I’ve always been fond of saying that nurses wear many hats, and over the years I’ve worn some more than others. Some of those hats I’ve wanted to hang up, if you know what I mean. Some of the hats nurses wear feel like a dunce cap some days, and some feel like a crown on others. Maybe one more than the other. I’ve had days where I feel like I’m wearing a maid’s hat, and I’ve had others where I feel like I’m wearing one stamped “doormat.” It can be downright exhausting wearing all those hats! Especially the ones you didn’t plan on, like babysitter, drug dealer, or punching bag. It’s those hard-to-wear hats that bring us down, wear us thin, and push us away from the bedside.
It’s like one day you look up and you say, “this isn’t anything like I planned it to be. I didn’t sign up for this. Things have changed! I can’t do this anymore.”
Resigned to an unfair, rarely rewarding career, you trudge through each extremely long twelve hour shift with dread and dissatisfaction. You rack your brain for how to make a change. You may even feel trapped in a situation that no longer brings you joy. I mean, if Marie Kondo told you to hold up your job in one hand, you’d probably toss it. Am I right?
Perhaps you’ve just forgotten why you do what you do.
There’s a section of my blog analytics where I am shown Google searches that led to my posts, and I often find a reoccurring theme. Yesterday one read, “help me get away from bedside nursing,” and my heart broke a little bit. I had been there myself at one time, and my burn out almost pushed me away from nursing completely. I almost left something I love and something that I was called to become.
That’s the thing about hats. They’re like bad haircuts. You get a bad haircut or color and it transforms your whole look. You glance in the mirror and cringe. You get to where you don’t even want to look in the mirror until something is different. Nursing hats are like that.
If you have a shift where you wear a hat that makes you feel unappreciated, used, taken advantage of, or pushed beyond your limit, then you feel like a failure at what you do. It doesn’t bring happiness; it just brings frustration. Wear that hat enough days and you don’t even wanna look in the mirror. In fact, you forget what you ever looked like before. You forget the appeal and shine of your very best hat. You forget it even exists.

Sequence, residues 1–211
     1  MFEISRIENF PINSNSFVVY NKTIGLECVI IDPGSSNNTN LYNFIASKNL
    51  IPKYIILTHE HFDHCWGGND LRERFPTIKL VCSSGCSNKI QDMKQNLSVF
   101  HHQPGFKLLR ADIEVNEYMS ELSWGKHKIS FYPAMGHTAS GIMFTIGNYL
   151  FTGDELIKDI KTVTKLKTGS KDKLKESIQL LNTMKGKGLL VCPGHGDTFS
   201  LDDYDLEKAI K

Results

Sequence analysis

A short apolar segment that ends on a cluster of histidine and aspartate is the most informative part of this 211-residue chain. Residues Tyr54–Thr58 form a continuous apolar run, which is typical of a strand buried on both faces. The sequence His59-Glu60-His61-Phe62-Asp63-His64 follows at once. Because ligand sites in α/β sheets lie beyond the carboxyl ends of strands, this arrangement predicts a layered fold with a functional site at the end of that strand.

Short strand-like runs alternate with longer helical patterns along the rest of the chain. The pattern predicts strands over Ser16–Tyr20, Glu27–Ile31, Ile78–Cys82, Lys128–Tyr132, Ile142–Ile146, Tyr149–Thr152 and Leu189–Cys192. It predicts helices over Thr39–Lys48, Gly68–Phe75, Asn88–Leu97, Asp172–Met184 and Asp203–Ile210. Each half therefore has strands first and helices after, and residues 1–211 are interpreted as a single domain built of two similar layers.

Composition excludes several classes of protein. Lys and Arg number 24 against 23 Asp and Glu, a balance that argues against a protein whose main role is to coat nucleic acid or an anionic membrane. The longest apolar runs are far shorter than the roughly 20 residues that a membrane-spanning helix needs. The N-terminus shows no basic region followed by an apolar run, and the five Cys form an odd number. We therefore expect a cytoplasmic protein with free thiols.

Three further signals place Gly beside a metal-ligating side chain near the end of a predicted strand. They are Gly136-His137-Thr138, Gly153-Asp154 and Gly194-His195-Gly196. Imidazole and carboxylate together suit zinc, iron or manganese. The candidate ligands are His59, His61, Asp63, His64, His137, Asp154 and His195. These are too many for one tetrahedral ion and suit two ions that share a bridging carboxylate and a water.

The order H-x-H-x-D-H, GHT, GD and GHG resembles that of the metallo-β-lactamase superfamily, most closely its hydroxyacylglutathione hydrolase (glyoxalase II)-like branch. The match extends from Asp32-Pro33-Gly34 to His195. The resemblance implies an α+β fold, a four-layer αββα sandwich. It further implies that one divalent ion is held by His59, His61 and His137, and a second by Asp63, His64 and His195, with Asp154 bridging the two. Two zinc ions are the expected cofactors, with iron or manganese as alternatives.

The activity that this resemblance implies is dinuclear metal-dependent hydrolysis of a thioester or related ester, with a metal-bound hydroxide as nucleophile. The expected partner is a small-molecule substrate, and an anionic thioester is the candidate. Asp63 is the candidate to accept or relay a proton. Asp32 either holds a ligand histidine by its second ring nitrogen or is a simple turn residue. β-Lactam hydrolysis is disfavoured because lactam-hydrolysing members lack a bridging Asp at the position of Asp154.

A few years ago my husband came home from work and told me something I’ll never forget. At the time my husband owned a small restaurant in our town. He had offered to feed for free the participants in a drug rehabilitation ministry. So naturally the minister overseeing the program wanted to meet this man who was offering pizza at no charge. Upon introductions the minister recognized my husband’s last name. He recognized it because of me.
As my husband retold the conversation to me, it seems that the minister had come across a past patient of mine in his work. The reformed addict had told him something that stuck with him. Something that made him remember my name.
The addict had said, “I went into the hospital tons of times with overdoses. And each time they treated me like a piece of garbage. They saw me as a lost cause! But then there was this one nurse. She made me feel like I was the CEO of the hospital. She made me feel like I was somebody special. She made me feel like I was worth something, like I could beat this thing. So I decided to do just that.”
Y’all. This story floored me. But it also reminded me of something that’s too easy to forget in nursing.
We make a difference in people’s lives.
Not always. Sometimes you don’t. But then sometimes you do. And those times? They’re special. They’re worth putting on a shelf and pulling out after a bad day. Cause you’re going to have bad days.
The thing you have to do with that is remember what hats are important, and forget what hats are not.
Some days you get treated like you’re a waitress. That’s okay. Because what really matters, I mean, what really, really counts is the truth of what you are. How you’re treated (sometimes) doesn’t define you. You are more than that.
Nurses have the opportunity to serve mankind at their worst! And yes, while it does feel that way sometimes, consider this. You have the chance to make a lasting impact. Nurses not only saves lives, but we also change lives. During a time when patients are their weakest, lowest, and most discouraged, we are allowed to enter their private moments and give them what they need the very most. We give oxygen to those that cannot breathe, but we also give laughter to the depressed. A song can brighten the day of a patient feeling down, and the right medication and therapeutic touch can lift them higher than you realize. A smile soothes the soul. As a nurse you have this power.
You’re not simply a pill pusher! You’re a hope dispenser!
You’re not “just a nurse.” You’re a life-changer.
You’re not just a servant! You get to be a servant. You are allowed the chance to serve mankind at its most difficult time, when ill, and your work makes them feel better. This isn’t just some little thing. It’s huge.
It’s easy to get so distracted by all the hats we wear (especially the hard hats) and forget that the most important hat we wear is Life Impactor. We impact lives, we change lives, we make lives better. We leave them better than we found them, and that’s worth celebrating. It’s a lofty calling. Is it always appreciated? Of course not. Little in life is. We ignore a beautiful sunset as easy as a buzzing fly. But many times you’re the light coming over the horizon, your patient notices, and they are better for it.
Now, it’s your job to be better for it. Realize the light you shine, understand the impact you make, and never forget that it’s the grandest hat you wear. And at the end of the day, it’s the only one that matters. It’s why we do what we do.